I have since religiously read the novel from beginning to end three times, and with ever-increasing delight and understanding. It was, and is, the greatest novel of the lot. Why? First, the quality of the writing; second, the complexity of the plot; third, the extraordinary insight and honesty of the characterisation.

Here are reviews at other blogs to check out:


Publisher:  Vintage Books, 2012 (orig. pub. 1853).
Length:     866 pages
Format:     Trade Paperback
Setting:     England
Genre:      Fiction, Classic
Source:     I purchased this book.


Rick Robinson said...

I've read and liked some Dickens, but not this, nor is it one I intend to read. I've put it below even such lesser known works as The Life and Adventures of Martin Chuzzlewit. What I have read: The Pickwick Papers, Oliver Twist, A Christmas Carol, David Copperfield, A Tale of Two Cities and Great Expectations

Bill Selnes said...

TracyK: Thanks for an interesting post. I feel I should read the book but am not sure I want to undertake the challenge of reading a true door stopper.

TracyK said...

Rick, The only other Dickens I have read is Christmas Carol. The others that you have read are ones I want to read too. I am glad I read Bleak House, but... it was too long.

TracyK said...

Bill, You might enjoy this book. It is about legal matters. But for me it was a struggle, so I cannot recommend it to others.

pattinase (abbott) said...

I have read the same ones Rick has and enjoyed Great Expectations and David Copperfield in particular. This one, I didn't even make it through the Masterpiece Series, I think. Brevity grows more important.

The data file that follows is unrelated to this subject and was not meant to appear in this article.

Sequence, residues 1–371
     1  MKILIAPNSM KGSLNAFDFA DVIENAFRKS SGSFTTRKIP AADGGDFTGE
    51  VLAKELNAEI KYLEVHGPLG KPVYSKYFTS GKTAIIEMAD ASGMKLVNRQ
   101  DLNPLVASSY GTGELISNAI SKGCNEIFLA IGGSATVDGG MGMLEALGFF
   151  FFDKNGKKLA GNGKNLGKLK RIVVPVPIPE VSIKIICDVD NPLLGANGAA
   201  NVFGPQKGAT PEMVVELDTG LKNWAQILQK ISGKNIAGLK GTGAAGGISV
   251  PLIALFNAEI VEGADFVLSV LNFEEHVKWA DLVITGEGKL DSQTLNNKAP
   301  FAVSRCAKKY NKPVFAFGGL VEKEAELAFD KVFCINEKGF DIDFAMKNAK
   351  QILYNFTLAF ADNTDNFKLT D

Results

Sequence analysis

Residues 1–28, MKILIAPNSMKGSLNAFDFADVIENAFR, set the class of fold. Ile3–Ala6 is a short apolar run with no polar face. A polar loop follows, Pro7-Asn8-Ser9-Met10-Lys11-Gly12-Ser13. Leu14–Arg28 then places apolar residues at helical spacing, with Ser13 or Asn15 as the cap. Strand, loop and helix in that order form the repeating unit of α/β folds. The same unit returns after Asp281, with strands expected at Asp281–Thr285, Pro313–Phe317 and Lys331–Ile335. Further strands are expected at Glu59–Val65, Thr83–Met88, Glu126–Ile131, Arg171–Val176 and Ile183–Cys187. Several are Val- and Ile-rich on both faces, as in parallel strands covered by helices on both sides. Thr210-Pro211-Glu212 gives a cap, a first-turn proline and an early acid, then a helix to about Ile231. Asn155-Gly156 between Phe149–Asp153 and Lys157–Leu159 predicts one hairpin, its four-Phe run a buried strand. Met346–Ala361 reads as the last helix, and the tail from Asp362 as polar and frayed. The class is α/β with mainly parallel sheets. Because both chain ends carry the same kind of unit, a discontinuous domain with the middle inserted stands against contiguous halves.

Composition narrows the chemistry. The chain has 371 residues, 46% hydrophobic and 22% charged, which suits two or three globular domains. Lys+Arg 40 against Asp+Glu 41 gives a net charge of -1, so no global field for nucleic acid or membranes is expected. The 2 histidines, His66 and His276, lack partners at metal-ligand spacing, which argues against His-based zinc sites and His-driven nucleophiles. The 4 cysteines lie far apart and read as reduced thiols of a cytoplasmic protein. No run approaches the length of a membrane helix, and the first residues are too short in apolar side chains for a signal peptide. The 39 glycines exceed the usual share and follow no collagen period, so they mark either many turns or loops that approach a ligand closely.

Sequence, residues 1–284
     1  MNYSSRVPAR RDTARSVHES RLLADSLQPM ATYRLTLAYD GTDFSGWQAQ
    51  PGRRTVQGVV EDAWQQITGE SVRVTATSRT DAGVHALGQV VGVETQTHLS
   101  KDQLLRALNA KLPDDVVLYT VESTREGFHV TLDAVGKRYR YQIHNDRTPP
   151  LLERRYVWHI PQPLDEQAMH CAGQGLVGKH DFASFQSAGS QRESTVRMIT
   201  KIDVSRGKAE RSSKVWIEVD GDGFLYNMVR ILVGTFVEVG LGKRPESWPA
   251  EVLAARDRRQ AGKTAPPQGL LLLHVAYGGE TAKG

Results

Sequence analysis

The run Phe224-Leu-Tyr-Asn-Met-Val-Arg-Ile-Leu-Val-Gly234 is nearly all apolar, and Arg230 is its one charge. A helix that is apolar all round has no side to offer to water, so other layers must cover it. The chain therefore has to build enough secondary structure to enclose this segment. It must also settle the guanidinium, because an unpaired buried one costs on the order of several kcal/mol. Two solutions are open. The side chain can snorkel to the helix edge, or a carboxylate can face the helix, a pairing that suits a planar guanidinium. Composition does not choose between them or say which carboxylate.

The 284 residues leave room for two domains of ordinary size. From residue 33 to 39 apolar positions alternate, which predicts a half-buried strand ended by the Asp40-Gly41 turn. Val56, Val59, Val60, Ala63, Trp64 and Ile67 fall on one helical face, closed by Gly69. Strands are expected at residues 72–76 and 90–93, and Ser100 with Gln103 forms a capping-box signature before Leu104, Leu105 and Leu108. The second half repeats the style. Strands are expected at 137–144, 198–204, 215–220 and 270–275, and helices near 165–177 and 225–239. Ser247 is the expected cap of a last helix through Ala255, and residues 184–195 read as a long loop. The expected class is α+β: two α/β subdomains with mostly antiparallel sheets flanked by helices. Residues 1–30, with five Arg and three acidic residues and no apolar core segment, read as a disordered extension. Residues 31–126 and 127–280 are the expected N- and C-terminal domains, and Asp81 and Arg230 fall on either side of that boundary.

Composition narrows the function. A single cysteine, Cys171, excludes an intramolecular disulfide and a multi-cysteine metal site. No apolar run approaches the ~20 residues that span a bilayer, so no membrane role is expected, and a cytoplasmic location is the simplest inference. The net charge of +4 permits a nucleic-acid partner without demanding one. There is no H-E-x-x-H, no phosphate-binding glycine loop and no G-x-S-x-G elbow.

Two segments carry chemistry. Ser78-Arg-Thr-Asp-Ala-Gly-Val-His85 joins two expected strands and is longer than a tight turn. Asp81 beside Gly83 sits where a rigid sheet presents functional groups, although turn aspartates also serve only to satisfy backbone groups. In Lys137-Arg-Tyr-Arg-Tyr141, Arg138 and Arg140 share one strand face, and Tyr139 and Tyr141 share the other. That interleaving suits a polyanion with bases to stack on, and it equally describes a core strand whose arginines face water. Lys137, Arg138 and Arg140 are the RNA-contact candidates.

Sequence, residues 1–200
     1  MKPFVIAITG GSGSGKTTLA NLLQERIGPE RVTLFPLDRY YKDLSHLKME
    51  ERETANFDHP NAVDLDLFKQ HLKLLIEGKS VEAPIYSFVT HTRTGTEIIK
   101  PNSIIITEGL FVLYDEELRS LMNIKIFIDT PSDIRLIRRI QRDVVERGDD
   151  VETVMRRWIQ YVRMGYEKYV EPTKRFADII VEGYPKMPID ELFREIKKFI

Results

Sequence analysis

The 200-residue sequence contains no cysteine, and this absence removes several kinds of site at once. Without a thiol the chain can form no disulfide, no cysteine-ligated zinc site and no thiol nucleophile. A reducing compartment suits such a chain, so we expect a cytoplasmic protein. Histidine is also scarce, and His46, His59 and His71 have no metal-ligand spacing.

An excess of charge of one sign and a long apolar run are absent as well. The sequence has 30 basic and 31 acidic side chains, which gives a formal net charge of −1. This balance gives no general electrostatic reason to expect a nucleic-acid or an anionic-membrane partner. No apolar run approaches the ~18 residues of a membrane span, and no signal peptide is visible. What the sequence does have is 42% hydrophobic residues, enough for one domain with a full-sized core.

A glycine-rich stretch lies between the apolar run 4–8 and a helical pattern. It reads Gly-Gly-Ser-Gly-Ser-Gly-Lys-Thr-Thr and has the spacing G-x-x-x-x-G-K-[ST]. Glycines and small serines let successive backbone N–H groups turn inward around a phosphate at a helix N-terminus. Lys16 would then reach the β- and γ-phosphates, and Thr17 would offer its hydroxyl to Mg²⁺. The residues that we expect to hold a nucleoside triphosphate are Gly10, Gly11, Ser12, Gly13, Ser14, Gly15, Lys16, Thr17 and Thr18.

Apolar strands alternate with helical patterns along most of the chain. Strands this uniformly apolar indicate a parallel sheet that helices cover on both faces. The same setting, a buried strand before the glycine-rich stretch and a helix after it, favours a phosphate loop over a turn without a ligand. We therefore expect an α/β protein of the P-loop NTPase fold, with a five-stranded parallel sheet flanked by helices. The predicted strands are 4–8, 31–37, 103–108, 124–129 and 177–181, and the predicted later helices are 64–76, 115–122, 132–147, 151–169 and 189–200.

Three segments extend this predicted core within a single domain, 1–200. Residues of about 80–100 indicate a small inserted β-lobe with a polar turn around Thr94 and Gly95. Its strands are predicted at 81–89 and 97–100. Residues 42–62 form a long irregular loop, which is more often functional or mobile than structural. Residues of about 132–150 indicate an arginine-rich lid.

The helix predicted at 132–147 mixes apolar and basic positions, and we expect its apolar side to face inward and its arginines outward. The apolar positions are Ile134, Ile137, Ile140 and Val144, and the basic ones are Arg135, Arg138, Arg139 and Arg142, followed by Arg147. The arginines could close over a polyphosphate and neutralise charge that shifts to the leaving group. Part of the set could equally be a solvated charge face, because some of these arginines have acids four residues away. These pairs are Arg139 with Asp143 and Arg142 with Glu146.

Roger Allen said...

If it was too long, what would you drop from Bleak House ?
It is all tied together in an enormous skein. If you made two novels half as long they would both be worse.

"The case has something to do with the resolution of conflicting wills, which I never truly understood"
Don't worry! You aren't meant to. Nobody understands the case.

TracyK said...

Patti, Thanks for the recommendations. I do want to read more Dickens, but have plenty of other books on hand, and no other Dickens in the house. My husband likes Dickens, and especially Bleak House, which is the major reason I read it first after A Christmas Carol.

TracyK said...

Roger, that is a good question, and I did think about that (prior to putting it in the review). I do think most of the subplots were important to the overall story, although some have left my memory entirely and were confusing to me as I read them.

The same thing was said of Les Miserables, that even the parts that seemed extraneous were important to what Victor Hugo was aiming for in the novel, and I agree. I read all 1100-1200 pages. And sometimes enjoyed the "extraneous" parts more than the main plot.

I think it is more a matter of taste for me and my reading and I should have made that clearer. I do prefer shorter novels but I wanted to experience this one and I am glad I did.

I am glad to hear that the Jarndyce and Jarndyce case was not supposed to be understood.

Cath said...